Dario Turchetto

Software developer.

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HTTP GET Bad Request

I hope this will be a time saver for some of you.

The Mozilla documentation (MDN Web Docs) defines HTTP response 400 Bad Request as such:

The HyperText Transfer Protocol (HTTP) 400 Bad Request response status code indicates that the server cannot or will not process the request due to something that is perceived to be a client error (e.g., malformed request syntax, invalid request message framing, or deceptive request routing).

Which is obviously the right definition but it may be a little vague. Practically speaking, this might mean that you’re trying to send a payload (body) to the server using a GET request.

This is technically not forbidden by the HTTP specification but some servers throw a Bad Request response when receiving a body within a GET request, so if you need to send the server some payload please consider using a POST request instead.

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Quarantine tip #1: stop checking your phone

I get it: the world is in lockdown, you’ve probably been sheltering in place for more than a month now and the only way to get in touch with your family and friends is through your phone or your tablet/pc. In times like these it’s important not to lose contact with the people you care about, they might be feeling lonely and a quick chat goes a long way to keep morale high.


If you want to make something out of this lockdown, besides saving lives just by staying at home (which doesn’t happen very often, I have to admit), you probably want to do something productive with your free time. Maybe you want to get the dust off some books that you bought years ago but never had the chance to read, or maybe you have a side project to work on, or you want to learn how to play an instrument… Whatever the items in your to-do list, it’s important to reserve some quality time for those activites...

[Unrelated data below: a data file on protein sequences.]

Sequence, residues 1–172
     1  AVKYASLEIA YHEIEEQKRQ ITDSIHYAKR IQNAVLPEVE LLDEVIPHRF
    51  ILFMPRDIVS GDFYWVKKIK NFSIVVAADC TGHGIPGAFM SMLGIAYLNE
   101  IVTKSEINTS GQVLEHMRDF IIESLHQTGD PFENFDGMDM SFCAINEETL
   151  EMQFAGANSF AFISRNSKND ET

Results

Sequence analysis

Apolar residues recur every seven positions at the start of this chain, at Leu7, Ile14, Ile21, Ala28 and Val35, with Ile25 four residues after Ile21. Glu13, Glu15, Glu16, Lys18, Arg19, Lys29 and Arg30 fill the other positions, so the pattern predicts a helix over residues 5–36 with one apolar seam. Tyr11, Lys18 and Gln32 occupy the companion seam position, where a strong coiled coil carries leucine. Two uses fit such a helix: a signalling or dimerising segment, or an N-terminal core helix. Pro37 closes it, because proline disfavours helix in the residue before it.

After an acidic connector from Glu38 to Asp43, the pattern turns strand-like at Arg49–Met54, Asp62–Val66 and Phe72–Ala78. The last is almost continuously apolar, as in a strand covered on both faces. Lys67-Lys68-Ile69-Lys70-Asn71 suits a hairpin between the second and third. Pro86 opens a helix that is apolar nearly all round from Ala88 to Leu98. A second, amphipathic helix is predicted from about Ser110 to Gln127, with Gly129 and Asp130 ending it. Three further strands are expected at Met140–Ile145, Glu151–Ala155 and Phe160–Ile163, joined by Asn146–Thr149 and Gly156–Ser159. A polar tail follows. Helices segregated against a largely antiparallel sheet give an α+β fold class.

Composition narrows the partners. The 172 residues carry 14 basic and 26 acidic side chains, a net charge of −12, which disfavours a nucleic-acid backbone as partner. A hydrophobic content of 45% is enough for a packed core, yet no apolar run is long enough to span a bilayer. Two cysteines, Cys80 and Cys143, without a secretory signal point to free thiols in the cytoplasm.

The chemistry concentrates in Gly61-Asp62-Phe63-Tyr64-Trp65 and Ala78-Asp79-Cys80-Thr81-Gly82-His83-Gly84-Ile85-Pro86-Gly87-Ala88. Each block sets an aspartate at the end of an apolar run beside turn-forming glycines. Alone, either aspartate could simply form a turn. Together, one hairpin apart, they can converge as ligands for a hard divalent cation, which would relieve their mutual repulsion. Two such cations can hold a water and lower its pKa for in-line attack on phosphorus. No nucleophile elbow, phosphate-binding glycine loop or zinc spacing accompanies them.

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Quality is non-linear

A friend of mine, a hard-worker who had very high standards for his own work, told me a few years ago: “I don’t understand why people don’t polish the details of their projects, it only takes a few hours more to go from decent to good”.

I think I fall in the set of people who try to get a working version of what they’re doing as fast as possible and not spend a lot of time after that refining things (if it’s “presentable” then it’s usually good enough for me). Sometimes it’s pure lazyness because it’s true than a couple hours more would take the work on a whole different level, but from my experience that’s not typically the case.

I’m looking at this from a programmer perspective, but I would say there’s a kind of 80-20 rule at work here: if you already know what you’re doing, it usually doesn’t take much time to get a very basic version, but from there to a “presentable” version it...

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Design for errors

I’ve been recently working on the frontend of a web application, basically I had to add a tab to a tab panel and do some stuff there. One of the requirements was, of course, “be careful not to break the other tabs because they’ve been in production for some months now and the user is happy with those”.

So I got to work and when I had the basic skeleton of my new tab I opened the browser to test it. One of the first thing I’ve tried was randomly clicking on all the tabs to see if my tab would correctly reload the interface without glitches. But in doing so I noticed that the other tabs where showing some problems, so I thought I had broken something in the old code, although I barely touched it. I switched to the test environment (which didn’t have any of my changes) and did the same thing, which got me basically the same results.

So I opened the DevTools console to see what was going...